Introduction: In type 2 diabetes mellitus, the adaptive immune system drives systemic inflammation, promoting insulin resistance and related complications, such as diabetic nephropathy. Increased infiltration of activated T lymphocytes has been found in patients with diabetic nephropathy. T-cell influx and accumulation are the factors that aggravate diabetic nephropathy and link with glomerular filtration surface and albumin excretion. An appropriate balance between pro-inflammatory (T helper 17: Th17, and T helper 1: Th1) and anti-inflammatory (regulatory T cells: Tregs) subsets of T cells is critical to maintain homeostasis and avoid inflammatory disease. The aim of this study was to determine the balance between T helper 17 and regulatory T cells in type 2 diabetic patients who have diabetic nephropathy.

Methods:  This case control study was conducted between December 2013 and June 2014 in Theodor Bilharz Research Institute in Egypt. Forty patients and 20 healthy volunteers were recruited in the study, and three groups were formed, i.e. two groups of cases with 20 patients in each group and one group of 20 controls) The groups were 1) 20 type 2 diabetic patients with nephropathy (group A); 2) 20 type 2 diabetic patients without nephropathy (group B); and 3) 20 healthy individuals (control group). Evaluation of T cells was done by standard 2-color flow cytometry.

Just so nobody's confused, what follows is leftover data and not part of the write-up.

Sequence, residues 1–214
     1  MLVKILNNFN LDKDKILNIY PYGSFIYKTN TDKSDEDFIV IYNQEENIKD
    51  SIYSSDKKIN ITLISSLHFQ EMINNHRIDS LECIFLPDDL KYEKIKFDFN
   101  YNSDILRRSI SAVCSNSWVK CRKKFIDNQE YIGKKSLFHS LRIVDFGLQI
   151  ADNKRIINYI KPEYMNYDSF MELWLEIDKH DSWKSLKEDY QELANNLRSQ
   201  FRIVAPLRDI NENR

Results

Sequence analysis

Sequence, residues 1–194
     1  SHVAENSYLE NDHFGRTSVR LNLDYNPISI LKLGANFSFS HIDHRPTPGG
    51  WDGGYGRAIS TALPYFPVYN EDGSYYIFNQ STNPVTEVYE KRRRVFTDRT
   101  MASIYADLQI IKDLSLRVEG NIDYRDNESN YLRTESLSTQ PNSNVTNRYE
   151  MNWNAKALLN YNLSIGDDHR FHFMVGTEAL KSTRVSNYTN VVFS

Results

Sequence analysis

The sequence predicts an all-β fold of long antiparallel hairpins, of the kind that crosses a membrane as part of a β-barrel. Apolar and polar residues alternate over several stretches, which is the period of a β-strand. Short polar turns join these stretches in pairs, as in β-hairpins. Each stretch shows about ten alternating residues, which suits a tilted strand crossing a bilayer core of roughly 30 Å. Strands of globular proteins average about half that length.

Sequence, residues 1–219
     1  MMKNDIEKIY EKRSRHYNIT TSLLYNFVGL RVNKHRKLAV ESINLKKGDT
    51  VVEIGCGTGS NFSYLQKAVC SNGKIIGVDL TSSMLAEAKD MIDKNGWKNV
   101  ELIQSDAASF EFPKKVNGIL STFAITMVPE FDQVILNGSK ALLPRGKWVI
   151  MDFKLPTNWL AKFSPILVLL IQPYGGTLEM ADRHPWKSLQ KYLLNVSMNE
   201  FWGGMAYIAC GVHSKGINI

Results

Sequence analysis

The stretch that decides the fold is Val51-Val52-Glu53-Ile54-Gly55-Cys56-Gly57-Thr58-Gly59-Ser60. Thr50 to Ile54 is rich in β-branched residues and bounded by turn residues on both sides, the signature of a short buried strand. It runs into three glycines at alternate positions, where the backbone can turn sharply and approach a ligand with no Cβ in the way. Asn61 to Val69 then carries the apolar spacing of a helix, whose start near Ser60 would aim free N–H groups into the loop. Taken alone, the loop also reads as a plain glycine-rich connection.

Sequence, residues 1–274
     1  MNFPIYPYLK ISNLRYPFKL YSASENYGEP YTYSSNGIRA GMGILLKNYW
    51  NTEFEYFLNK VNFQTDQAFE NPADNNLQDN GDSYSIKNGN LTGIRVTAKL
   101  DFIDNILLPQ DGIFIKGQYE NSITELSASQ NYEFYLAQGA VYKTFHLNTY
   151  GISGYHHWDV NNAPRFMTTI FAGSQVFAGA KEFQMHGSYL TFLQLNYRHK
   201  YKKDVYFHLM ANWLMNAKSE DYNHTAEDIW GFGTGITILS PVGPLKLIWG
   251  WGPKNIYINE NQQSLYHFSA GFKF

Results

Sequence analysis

Results: The study found higher mean of Th17 counts and Th17/Treg ratio among type 2 diabetic nephropathy patients compared to other groups; but a lower mean of Treg count was identified among type 2 diabetic nephropathy patients than in the other groups (p-value = 0.001).

Conclusion: The important role for regulatory T cells in the protection against nephropathy in type 2 diabetic patients was demonstrated, and also it was observed that T helper 17 cells were associated with renal affection.


Keywords: Type 2 diabetes mellitus, Treg/Th17 cells, diabetic nephropathy
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